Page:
Having written letters in all directions, Symons is soon in correspondence with Rolfe’s lawyer-brother Herbert, the novelist Frank Swinnerton, man of letters Vincent O’Sullivan, several clerics, and the publisher Grant Richards. He learns that Fr. Robert Hugh Benson, now remembered chiefly for his occult religious thrillers such as Come Rack, Come Rope, had once been a friend and admirer of Rolfe. (R.H. Benson was the brother of essayist A.C. Benson and novelist E.F. Benson, the latter revered today for his comic Lucia novels and a handful of surprisingly gruesome ghost stories.
As the quest for Corvo continues, the reader I might honestly say the enthralled reader gradually acquires a fuller understanding of Rolfe, this failed priest and paranoid author. In person, writes Canon Carmont, Rolfe was about 5 ft. 7 in. in height perhaps slightly less. He was pale, rather demure and ascetic in expression, wore eye-glasses, smoked rather heavily. According to one Roman Catholic clergyman, Rolfe knew more about astrology than anyone then alive, while his appetite for gossip and scandal was insatiable. Vain to the point of megalomania, he once painted a wall portrait of St. William of Norwich in which all 149 mourners, and the saint himself, were given his own features. Another time, he hinted that Kaiser Wilhelm II was his godfather.
Throughout his life, Rolfe suffered from persecution mania, constantly turning against friends and well-wishers, often unleashing torrents of abuse. A master of invective, he opened one letter Quite cretinous creature, and ended many with Your faithful enemy. As he once said, he considered all men to be too vile for words to tell. Given such a hypersensitive and quarrelsome character, it’s not surprising that Rolfe was usually broke, and sometimes on the verge of starvation. He once asked to be certified insane so that he might have free quarters in the local asylum. In Venice, he applied for a job as a gondolier.
But that was near the end of his life. In his youth, he yearned for ordination but was found unsuitable. For a while, he painted religious tableaux; then he tried to establish himself as a photographer. Surviving pictures betray his idolization of youthful adolescents, as does his first book, Stories Toto Told Me (1898), in which an Italian peasant lad charmingly conflates pagan myths with saints’ lives. The legend of Perseus, for example, is reworked into a Christian allegory starring Saint George. Symons notes that the early Toto stories appeared in the notorious Yellow Book and compares them to Oscar Wilde’s fairy tales
But Rolfe didn’t just write semi-autobiographical novels and fiction of a rather fantastic cast. His monumental Chronicles of the House of Borgia (1901), once respected enough to be included in the Modern Library series, is in part an apologia for the notorious Renaissance family but also a grab bag of bizarre lore. (One chapter examines the legend of the Borgia venom.) This book, and some of his others such as the novels Don Tarquinio (1905), Don Renato (1909), and the homoerotic Venetian romance The Desire and Pursuit of the Whole (written during 1910-13, published in 1934) vividly display Rolfe’s linguistic preciosity and his liking for such recondite words and neologisms as subturpiculous, insulsity, macilent, effrenate, and torose.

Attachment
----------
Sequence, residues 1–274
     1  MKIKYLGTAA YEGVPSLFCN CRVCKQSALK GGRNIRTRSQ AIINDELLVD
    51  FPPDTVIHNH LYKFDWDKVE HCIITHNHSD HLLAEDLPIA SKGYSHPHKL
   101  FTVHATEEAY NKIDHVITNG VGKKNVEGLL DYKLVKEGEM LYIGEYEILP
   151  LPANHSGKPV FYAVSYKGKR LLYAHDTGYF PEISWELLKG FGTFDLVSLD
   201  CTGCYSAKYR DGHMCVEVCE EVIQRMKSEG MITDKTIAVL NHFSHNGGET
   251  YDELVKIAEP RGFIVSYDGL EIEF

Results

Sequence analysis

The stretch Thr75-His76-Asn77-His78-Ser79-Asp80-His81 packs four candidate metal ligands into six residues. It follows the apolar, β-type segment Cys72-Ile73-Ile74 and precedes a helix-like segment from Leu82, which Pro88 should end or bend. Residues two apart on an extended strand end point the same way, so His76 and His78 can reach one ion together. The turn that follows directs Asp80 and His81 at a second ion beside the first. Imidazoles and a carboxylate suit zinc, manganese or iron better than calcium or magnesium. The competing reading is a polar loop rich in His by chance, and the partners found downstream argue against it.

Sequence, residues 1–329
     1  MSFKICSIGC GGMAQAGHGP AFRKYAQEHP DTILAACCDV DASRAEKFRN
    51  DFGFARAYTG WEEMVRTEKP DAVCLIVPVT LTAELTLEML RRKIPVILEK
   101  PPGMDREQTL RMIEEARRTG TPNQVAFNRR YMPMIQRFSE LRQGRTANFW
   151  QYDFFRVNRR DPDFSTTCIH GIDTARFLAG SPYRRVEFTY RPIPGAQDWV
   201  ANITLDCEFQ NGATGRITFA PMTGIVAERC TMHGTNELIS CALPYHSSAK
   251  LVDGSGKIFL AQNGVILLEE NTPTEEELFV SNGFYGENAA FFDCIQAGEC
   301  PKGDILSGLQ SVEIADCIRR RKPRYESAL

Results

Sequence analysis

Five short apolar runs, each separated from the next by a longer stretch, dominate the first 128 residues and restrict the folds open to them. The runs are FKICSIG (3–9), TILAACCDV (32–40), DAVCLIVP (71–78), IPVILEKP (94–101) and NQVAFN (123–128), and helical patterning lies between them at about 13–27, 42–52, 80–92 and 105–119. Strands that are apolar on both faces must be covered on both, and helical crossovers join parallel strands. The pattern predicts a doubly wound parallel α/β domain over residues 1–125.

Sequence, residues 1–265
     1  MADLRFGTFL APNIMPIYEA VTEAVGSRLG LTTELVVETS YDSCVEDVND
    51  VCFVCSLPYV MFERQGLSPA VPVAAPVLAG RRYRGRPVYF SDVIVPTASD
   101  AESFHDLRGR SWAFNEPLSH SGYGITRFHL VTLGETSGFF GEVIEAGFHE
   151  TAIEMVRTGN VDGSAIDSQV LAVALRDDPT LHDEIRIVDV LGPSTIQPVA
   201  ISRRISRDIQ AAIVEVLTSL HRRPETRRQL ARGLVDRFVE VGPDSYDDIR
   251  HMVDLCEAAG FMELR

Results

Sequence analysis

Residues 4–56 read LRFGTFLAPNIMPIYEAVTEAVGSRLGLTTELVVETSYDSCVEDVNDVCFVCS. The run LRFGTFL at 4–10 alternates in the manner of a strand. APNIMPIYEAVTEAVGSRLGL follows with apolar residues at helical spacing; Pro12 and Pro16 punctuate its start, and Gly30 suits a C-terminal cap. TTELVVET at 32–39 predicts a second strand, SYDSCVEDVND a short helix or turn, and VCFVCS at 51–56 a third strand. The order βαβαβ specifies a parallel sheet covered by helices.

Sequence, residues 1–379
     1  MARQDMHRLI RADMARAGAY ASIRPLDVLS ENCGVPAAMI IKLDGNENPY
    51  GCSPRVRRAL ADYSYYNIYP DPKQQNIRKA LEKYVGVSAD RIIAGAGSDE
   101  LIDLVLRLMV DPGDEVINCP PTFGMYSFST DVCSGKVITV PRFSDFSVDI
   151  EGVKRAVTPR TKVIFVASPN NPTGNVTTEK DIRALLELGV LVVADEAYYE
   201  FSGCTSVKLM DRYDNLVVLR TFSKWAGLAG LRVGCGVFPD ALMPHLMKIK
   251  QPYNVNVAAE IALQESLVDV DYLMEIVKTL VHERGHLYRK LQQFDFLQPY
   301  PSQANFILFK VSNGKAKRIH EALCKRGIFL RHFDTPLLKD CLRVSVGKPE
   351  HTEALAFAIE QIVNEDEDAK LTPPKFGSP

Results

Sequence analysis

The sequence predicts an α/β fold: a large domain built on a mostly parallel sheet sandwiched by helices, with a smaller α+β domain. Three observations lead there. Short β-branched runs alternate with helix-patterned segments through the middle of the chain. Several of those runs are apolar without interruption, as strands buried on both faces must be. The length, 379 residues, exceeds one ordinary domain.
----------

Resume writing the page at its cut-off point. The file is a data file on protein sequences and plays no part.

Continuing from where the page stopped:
While I enjoyed The Quest for Corvo immensely, by its final pages I found myself hungering to know more about the tall, thin, bespectacled A.J.A. Symons. Who was he?
Today’s readers are liable to confuse Symons with several other almost-contemporary writers. There is the Renaissance historian and translator of Cellini’s Memoirs, John Addington Symonds (1840-1893). There is Arthur Symons (1865-1945), the poet and literary critic whose Symbolist Movement in Literature greatly influenced the young T.S. Eliot. And, not least, there is the distinguished crime novelist Julian Symons (1912-1994) who, as it happens, was the 11-years-younger brother of our Symons. In 1950, he brought out a superb short biography of his brother AJ. Only when I traveled to Oxford did I finally find a copy of A.J.A. Symons: His Life and Speculations in a used bookshop and I had to pay £6 for it. (There has since been a paperback reissue.) The book opens as dramatically as both Hadrian the Seventh and The Quest for Corvo:
Though he was the son of an auctioneer and left school at 14, A.J.A. Symons transformed himself into one of the great aesthetes, connoisseurs, and dandies of his time. His announced aim was to build and shape his life as an architect plans a house. While living always beyond his means, Symons somehow managed to collect Victoriana, rare books, and music boxes. With determination, he perfected an exquisite penmanship, only sported handmade shirts and bespoke suits, and eventually owned a house in the country with an enviable wine cellar and garden. According to his brother, it was his conviction that personal property could be both beautiful and useful, whereas money consisted merely of paper and metal pieces which were not, in general, of an appearance aesthetically pleasing. At the same time, Symons loved games and gambling and dreamed of moving in the highest social circles.